For years my e-mail address was firstname.lastname@example.org, but don't write to me there - I lost that address shortly after I stopped writing for that paper in 2002.
I have an e-mail address at cbsnews.com but I don't give that out outside CBS because, as much as I love being the technology analyst for the esteemed network, I don't know if that might change in the future. One thing that won't change is my name, which is my e-mail address now: email@example.com.
Having my own "domain" is surprisingly affordable - it costs only $10.19 a year to maintain larrymagid.com and I pay nothing for my e-mail service.
To get your own address all you need to do is register the domain with any registrar that's accredited by ICANN - The Internet Corporation for Assigned Names and Numbers. You can get a complete list of registrars here, but shop carefully. Registrar pricing and services vary widely.
I have been very happy with Gogaddy.com because of its price ($10.19 a year or cheaper if you register for multiple years) and excellent 24/7 service. GKN.net, which is also quite good, is slightly less expensive.
Both of these companies will forward your mail to any address you choose. For an extra fee, these companies can host your Web site, but you can also host your site elsewhere or use the company's free forwarding service to have your web address (URL) forwarded to another site, including a free page you can set up on social networking or blogging sites like MySpace, Facebook or Blogger.com.
So you can not only get e-mail at your own domain but have a Web presence, too.
Of course, you don't have to use your name for your domain - you can use any available string of characters, and if your name is relatively common, it's possible that someone else might have already registered that domain. For example, I have also registered radiolarry.com, pcanswer.com and several other domains. (You can also reach me at firstname.lastname@example.org.)
And speaking of e-mail addresses, by disclosing my e-mail address I just violated one of the cardinal rules of avoiding spam, which leads me to my next point:
Although I could purchase a mailbox to receive my mail through godaddy or GKK, I've found a better way which happens to be free. I use these services to forward all my mail to a Gmail account. Gmail, which is operated by Google, is one of several free Web-based e-mail services. I use Gmail mainly because it has incredibly good spam filters - so good that I'm not nervous about giving out my e-mail address to the public.
The spammers long ago harvested that address but very little spam actually gets to my inbox thanks to Gmail's excellent spam filters. Gmail also gives you a very large inbox and the ability to quickly search for mail, no matter how long ago it arrived. I don't give out my actual Gmail address because I don't want people writing me there; I want people writing me at email@example.com, because if I later switch e-mail services, I can just change the forwarding address and get that mail on whatever service I use. Gmail can be configured to use another e-mail address for outgoing mail, so even when I send mail from Gmail it still uses my larrymagid.com address.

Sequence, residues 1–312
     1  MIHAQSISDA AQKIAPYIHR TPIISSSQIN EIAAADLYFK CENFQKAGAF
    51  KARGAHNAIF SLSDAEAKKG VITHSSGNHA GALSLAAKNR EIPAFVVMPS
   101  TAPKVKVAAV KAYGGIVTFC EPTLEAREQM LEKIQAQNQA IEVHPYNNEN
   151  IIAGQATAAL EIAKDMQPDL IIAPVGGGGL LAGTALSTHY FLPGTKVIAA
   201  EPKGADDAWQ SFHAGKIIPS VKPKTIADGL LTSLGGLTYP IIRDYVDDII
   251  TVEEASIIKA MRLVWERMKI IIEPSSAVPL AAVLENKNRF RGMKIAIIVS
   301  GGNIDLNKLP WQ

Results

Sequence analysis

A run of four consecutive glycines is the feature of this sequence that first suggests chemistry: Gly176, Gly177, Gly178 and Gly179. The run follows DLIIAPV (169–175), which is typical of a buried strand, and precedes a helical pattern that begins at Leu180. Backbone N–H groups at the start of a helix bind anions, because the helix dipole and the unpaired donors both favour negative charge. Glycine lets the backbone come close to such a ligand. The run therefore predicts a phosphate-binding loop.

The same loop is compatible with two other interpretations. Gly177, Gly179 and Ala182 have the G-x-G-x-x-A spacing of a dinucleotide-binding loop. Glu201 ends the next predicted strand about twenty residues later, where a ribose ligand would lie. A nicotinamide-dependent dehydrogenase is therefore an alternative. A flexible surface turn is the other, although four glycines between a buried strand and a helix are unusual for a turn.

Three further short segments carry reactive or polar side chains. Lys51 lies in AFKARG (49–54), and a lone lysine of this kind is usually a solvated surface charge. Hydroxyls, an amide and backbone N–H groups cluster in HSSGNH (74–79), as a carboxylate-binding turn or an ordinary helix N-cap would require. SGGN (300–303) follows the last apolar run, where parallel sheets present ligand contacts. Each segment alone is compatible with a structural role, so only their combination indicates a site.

PODCAST: Google has just released free software that allows Microsoft Outlook users to synchronize their Outlook Calendar with Google Calender, enabling users to access their information anywhere. In her conversation with Larry Magid, Google's Jennifer Grant calls that "Cloud computing."
Gmail users can access their mail at gmail.com but you can also use any e-mail program. I sometimes do check my mail at Gmail.com but I also use Microsoft Outlook, as well as Mozilla's excellent free Thunderbird e-mail program that works on Mac, Windows and Linux - and that brings me to my next point.
For you to access your Gmail from an e-mail program you need to first configure Gmail to allow for POP or IMAP access. Gmail has long supported POP but has recently added IMAP. The difference between POP and IMAP is that pop simply sends a copy of your mail to the program while IMAP actually synchronizes your mail between the Web site and whatever program or programs you use to access it.
With IMAP enabled, you see the same inbox, outbox and other folders regardless of how you access your mail. So what I see using Outlook on my desktop is the same as what I see using Thunderbird on my notebook PC, or Gmail from a cyber cafe. If I delete a message in one place, it's deleted in all the others. If I move a message to a folder on my desktop machine, it's automatically moved to the same folder on my laptop or on the Web. It's actually a very powerful way to manage your mail.
There is one drawback to IMAP, but there's a fix for that. One of the best things about Gmail is that it archives your messages but if you delete them from your PC in IMAP it deletes them on Gmail, which defeats the purpose of the archival system. The solution is to set up two Gmail accounts - one that you use to access from a PC or Mac, and the other that simply archives your mail. You can have your registrar forward your mail to both accounts, or you can use Gmail's forwarding system to have one of your accounts forward your mail to your other account. You can even have Gmail forward mail to a Yahoo, AOL or MSN account or to your work account.
A syndicated technology columnist for over two decades, Larry Magid serves as on air Technology Analyst for CBS Radio News. His technology reports can be heard several times a week on the CBS Radio Network. Magid is the author of several books including "The Little PC Book."
By Larry Magid